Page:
Barack and Michelle Obama have slow-danced their way back to the White House at a monster inaugural ball featuring some of the biggest stars in popular music.
Like the king and queen of a high school prom, the President and First Lady flashed awkward smiles as they held each other closely and swayed to Jennifer Hudson covering Al Green's 1972 soul classic, Let's Stay Together.
The black-tie and sequined crowd of up to 40,000 in the dark belly of Washington's convention centre cheered wildly, raising their hands as one to capture the moment on their digital cameras and smartphones.
For her choice of gown, Michelle Obama stayed loyal to Jason Wu, choosing the young Taiwanese-born, New York-based designer for her much-anticipated inaugural ball dress - just as she did four years ago.
'Just danced to Let's Stay Together with the love of my life and the President of the United States,' she said via Twitter after stepping off the stage. 'I'm so proud of Barack.'
In contrast to the 10 official inaugural balls that followed his historic inauguration four years ago as the first black US president, Mr Obama favoured one jumbo soiree this time - open to anyone fast enough to snap up the $60 tickets online - plus a smaller by-invitation affair for the armed forces.
The Obamas, running late, had yet to arrive at the convention centre when Alicia Keys got the party started by sitting at an electric piano and reworking the title track of her latest album, Girl on Fire.
'He's President and he's on fire... Ohhhh-bama's on fire,' she sang. She then went on to affectionately rejig one verse: 'Everybody knows Michelle's his girl/together they run the world.'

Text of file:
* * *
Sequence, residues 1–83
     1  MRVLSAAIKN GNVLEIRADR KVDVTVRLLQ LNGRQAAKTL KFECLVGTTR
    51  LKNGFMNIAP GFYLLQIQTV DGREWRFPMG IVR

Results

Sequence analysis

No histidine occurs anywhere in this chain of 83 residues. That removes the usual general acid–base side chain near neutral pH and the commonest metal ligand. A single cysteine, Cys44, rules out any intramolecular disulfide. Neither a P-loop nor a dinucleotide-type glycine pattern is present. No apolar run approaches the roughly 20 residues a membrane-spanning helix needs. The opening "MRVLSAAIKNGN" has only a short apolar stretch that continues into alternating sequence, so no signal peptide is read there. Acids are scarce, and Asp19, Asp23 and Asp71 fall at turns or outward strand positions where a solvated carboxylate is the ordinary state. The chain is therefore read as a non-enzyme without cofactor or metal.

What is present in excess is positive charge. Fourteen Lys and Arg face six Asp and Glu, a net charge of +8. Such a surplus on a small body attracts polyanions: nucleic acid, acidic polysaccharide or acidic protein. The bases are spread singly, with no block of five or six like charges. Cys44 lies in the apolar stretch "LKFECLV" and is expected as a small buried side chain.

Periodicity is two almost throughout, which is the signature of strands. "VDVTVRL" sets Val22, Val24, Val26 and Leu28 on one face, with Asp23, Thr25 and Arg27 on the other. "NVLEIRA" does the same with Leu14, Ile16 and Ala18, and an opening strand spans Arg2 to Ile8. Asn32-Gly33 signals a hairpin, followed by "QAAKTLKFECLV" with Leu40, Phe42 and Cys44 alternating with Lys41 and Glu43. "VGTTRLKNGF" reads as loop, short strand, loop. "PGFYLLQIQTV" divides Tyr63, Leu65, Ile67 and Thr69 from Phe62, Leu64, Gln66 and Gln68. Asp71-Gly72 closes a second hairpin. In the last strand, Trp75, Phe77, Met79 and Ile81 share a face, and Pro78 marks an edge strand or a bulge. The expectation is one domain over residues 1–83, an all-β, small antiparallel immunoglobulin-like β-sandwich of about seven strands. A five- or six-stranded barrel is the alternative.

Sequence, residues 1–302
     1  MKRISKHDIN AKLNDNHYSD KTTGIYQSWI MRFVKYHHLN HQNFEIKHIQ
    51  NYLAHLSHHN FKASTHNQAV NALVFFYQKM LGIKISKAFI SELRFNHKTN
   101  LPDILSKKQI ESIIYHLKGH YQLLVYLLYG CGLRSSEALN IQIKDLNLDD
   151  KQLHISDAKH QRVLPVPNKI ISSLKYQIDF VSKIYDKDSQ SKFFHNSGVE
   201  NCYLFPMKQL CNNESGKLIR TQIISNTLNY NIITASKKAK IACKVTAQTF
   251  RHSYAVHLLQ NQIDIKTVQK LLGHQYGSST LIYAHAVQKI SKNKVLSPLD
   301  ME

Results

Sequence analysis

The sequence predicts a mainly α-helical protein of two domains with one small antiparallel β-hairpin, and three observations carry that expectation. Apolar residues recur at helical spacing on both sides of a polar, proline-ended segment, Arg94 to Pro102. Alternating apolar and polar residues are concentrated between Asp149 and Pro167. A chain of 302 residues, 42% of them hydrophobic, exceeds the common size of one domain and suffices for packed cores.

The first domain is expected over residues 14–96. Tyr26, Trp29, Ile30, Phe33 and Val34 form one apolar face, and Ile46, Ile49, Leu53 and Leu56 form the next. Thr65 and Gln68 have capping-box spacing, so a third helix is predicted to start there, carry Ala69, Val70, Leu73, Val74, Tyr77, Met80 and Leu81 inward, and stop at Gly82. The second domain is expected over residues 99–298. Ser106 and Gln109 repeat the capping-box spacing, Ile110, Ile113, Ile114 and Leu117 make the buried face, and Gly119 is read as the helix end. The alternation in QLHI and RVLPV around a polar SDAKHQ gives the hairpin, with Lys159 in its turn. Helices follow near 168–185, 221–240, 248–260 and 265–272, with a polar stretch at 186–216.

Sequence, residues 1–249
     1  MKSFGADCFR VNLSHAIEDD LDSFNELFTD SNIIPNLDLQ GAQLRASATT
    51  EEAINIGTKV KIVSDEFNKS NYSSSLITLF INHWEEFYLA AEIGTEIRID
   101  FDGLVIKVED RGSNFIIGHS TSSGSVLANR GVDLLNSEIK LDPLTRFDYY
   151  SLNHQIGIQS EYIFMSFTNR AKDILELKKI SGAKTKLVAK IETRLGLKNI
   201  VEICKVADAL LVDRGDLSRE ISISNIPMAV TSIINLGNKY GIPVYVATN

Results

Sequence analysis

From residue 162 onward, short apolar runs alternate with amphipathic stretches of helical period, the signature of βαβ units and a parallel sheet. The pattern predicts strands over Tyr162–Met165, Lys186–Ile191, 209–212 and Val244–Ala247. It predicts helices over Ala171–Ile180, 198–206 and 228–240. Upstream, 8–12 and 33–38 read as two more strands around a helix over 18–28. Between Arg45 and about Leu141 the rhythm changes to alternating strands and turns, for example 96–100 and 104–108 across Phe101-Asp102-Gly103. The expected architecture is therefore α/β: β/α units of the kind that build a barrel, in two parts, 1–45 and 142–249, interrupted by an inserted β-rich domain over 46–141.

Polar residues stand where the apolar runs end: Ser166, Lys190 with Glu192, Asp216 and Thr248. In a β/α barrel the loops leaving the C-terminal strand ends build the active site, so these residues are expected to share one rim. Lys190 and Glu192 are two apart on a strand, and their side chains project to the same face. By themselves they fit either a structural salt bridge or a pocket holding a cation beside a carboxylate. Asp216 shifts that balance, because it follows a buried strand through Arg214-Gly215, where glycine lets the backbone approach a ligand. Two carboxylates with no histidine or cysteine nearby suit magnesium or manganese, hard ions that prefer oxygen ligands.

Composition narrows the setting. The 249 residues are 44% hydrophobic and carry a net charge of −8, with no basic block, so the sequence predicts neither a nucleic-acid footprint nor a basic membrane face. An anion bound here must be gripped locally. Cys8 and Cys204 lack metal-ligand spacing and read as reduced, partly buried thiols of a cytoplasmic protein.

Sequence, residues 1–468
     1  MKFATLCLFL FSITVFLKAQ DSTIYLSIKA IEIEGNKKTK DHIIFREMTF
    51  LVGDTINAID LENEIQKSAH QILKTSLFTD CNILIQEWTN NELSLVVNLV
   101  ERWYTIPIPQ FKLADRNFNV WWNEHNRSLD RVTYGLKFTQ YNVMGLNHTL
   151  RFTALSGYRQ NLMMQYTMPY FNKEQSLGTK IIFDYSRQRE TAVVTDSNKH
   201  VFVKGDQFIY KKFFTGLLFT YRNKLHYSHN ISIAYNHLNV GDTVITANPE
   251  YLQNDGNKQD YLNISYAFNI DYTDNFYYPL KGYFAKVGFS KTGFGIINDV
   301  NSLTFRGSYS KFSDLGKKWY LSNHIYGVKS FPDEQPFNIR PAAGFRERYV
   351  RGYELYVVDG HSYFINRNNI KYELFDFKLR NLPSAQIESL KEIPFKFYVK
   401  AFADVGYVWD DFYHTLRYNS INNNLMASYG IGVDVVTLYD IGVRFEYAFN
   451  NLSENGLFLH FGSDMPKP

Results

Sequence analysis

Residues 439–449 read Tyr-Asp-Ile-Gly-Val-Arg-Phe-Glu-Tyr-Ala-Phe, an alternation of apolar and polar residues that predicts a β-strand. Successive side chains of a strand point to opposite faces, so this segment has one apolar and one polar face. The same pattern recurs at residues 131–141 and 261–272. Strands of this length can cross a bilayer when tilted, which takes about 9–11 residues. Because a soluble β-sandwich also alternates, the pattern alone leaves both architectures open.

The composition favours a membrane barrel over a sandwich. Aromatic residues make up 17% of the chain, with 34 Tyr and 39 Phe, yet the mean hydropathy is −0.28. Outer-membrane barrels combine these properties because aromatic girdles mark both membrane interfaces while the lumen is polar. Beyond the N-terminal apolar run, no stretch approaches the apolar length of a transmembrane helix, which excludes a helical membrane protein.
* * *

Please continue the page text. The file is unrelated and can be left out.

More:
Next on stage were Mexican rockers Mana, in a nod to Latinos whose vote helped win Mr Obama a second term, before Brad Paisley delivered a powerful country set including his current chart-topper, Southern Comfort Zone.
'Our democracy is the envy of the world, and tonight we celebrate by getting drunk in a huge convention centre,' Paisley said between songs.
Other performers included the legendary Stevie Wonder and Grammy-nominated hipster indie favourites Fun.
There was nothing glamorous about the catering - beer and sparkling wine in plastic cups and peanuts and pretzels on paper plates. But if Mr Obama's supporters were disappointed, they didn't let on.
'It's a bargain for an event of a lifetime,' Washington financial securities lawyer, Kosha Dalal, told AFP by the bullpen where organisers sequestered accredited journalists.
It was her first inaugural ball.
'We're very big supporters of President Obama and we really wanted to be here,' added Amy Kuhn, a staffer at a non-profit organisation in New York, who travelled to the capital with her partner, Erin Hogeboom.
'I'm really looking to a lot (from the new Obama term) on equality on a wider scale, like gay marriage and women's rights,' added Ms Hogeboom, a graduate student in global affairs.